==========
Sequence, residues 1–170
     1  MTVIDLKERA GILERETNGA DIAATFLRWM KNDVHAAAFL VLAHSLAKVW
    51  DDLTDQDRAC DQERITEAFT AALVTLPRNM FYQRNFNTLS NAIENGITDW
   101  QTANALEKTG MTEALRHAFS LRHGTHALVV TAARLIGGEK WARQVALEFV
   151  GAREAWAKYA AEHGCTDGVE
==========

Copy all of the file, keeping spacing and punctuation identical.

Sequence, residues 1–170
     1  MTVIDLKERA GILERETNGA DIAATFLRWM KNDVHAAAFL VLAHSLAKVW
    51  DDLTDQDRAC DQERITEAFT AALVTLPRNM FYQRNFNTLS NAIENGITDW
   101  QTANALEKTG MTEALRHAFS LRHGTHALVV TAARLIGGEK WARQVALEFV
   151  GAREAWAKYA AEHGCTDGVE